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3 Ways to Check if You are Playing in Tune on the Violin or Viola

Zlata Brouwer

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Published: September 17, 2015 at 7:22 AM [UTC]

You don't want to depend only on what your teacher tells you in the lesson. You must be able to check if you are in tune yourself when practicing.

In this episode of Violin & Viola TV I give you three ways to check if you are playing in tune on the violin or viola:

1) Check your note with open strings

If you are playing a G, D, A or E on the violin or a C, G, D or A on the viola, you can check if the note is in tune by comparing it with an open string.

For example when you play the 3rd finger on the A string, which is a D, you can check it with the open D string.

It doesn't matter in which octave you are playing the note: even in the highest positions, you can always check it. For this it's important to always be aware of the note you are playing.

2) Check yourself with a piano

If you have a piano at hand, hit the note you are playing on the violin on the piano and you can check yourself. If you hold the pedal, you can play the note on the violin while the note of the piano still sounds. This is easier than remembering the note and playing it on the violin after it has sounded on the piano.

3) Use an electronic tuner

Besides that you can use an electronic tuner for tuning your violin, you can also use this device to check if you are playing in tune. If you are lost on the fingerboard, this can come in very handy. Read here more about how this device works and which one I recommend.

Don't wait for your teacher to correct you. Check yourself all the time and correct yourself while practicing.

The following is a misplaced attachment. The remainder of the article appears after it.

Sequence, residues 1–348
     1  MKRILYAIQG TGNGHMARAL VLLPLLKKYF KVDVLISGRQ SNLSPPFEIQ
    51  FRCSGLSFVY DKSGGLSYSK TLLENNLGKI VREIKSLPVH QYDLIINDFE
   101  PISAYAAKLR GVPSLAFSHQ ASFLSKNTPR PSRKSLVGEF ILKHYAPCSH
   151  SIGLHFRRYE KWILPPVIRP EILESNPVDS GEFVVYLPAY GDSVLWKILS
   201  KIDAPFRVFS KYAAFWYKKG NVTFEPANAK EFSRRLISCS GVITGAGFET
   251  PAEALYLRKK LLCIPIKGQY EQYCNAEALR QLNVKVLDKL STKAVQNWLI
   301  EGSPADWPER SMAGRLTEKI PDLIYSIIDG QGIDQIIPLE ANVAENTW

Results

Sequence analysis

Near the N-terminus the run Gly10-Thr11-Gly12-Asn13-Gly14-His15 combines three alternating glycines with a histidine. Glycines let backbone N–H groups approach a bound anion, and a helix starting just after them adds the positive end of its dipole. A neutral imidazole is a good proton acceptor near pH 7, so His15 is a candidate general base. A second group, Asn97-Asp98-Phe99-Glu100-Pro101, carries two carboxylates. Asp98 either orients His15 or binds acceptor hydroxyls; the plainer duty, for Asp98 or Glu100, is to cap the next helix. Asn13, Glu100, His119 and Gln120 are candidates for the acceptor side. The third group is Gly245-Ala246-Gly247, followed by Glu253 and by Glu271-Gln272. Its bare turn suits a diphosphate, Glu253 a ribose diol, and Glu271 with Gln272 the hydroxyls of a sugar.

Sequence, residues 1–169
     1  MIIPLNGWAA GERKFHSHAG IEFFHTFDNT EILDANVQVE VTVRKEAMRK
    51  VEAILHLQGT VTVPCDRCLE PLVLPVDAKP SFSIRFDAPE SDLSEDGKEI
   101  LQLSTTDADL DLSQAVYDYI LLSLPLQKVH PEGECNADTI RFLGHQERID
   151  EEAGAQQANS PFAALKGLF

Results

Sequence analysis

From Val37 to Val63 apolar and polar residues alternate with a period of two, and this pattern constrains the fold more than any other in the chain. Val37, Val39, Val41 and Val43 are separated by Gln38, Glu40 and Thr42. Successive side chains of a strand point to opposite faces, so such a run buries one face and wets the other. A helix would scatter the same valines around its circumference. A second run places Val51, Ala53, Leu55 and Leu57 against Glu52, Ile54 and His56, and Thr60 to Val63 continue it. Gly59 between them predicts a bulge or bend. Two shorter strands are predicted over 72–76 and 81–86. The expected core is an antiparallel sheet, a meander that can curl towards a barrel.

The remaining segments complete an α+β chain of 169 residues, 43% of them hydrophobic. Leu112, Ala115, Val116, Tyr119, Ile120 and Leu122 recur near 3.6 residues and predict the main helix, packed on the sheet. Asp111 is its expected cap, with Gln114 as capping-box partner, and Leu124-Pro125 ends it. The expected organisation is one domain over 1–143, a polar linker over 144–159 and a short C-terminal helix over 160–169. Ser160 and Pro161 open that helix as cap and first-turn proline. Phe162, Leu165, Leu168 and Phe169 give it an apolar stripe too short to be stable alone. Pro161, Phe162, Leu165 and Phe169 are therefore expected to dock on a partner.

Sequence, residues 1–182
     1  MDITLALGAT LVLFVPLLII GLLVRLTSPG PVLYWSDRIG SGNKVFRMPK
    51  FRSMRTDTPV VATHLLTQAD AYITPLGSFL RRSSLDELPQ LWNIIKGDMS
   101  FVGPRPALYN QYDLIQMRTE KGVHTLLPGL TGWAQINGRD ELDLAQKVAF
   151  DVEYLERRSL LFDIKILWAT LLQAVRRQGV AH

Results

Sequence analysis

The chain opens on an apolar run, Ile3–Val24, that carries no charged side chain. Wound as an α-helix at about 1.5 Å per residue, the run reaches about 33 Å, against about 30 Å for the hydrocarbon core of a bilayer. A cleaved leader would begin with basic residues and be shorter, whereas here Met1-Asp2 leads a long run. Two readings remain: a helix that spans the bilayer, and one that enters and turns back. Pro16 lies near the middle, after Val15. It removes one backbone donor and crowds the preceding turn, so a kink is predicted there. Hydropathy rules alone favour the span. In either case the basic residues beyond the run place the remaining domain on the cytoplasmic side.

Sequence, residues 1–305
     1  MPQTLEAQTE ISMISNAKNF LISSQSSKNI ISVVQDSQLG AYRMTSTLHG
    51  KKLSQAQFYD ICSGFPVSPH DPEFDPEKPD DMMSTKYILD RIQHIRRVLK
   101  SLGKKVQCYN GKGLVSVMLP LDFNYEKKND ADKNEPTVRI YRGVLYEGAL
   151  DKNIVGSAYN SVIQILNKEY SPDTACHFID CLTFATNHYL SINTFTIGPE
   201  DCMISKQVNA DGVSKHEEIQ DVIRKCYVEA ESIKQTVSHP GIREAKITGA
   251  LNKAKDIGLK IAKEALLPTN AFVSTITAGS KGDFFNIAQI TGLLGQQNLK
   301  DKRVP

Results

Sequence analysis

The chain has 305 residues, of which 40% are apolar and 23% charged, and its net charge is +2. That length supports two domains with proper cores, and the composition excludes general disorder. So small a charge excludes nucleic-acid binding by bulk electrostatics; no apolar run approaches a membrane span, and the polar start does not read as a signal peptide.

Checking and adjusting all the time is the way to go to learn to play in tune confidently. You train your muscle memory and your ears.

Now I would like to hear from you! Share in the comments below what's your favorite way to check yourself while practicing. If you don't do this yet, tell me which one of the above three ways you are going to use.


Is this video helpful to you? Please let me know in the comments below! If you like it, share it with your friends!



PS: Do you have questions or struggles on violin or viola playing? Post a comment below or send an e-mail to and I might dedicate a Violin & Viola TV episode to answering your question!

From Tom Holzman
Posted on September 17, 2015 at 1:15 PM
This should be very useful to string players at all levels, particularly beginners. I use the first technique extensively to determine whether I am in tune. Once I have ascertained that a particular note resonates with a corresponding open string, I can tell if the surrounding notes are in tune. Thanks for posting this.
From Zlata Brouwer
Posted on September 23, 2015 at 8:39 AM
Thanks for your comment, Tom, glad you like it.

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